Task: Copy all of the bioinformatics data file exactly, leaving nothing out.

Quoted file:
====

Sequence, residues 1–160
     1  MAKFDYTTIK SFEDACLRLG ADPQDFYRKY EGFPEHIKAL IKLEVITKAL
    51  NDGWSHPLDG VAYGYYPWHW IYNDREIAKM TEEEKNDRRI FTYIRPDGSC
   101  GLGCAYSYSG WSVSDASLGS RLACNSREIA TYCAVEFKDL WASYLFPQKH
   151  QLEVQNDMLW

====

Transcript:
Sequence, residues 1–160
     1  MAKFDYTTIK SFEDACLRLG ADPQDFYRKY EGFPEHIKAL IKLEVITKAL
    51  NDGWSHPLDG VAYGYYPWHW IYNDREIAKM TEEEKNDRRI FTYIRPDGSC
   101  GLGCAYSYSG WSVSDASLGS RLACNSREIA TYCAVEFKDL WASYLFPQKH
   151  QLEVQNDMLW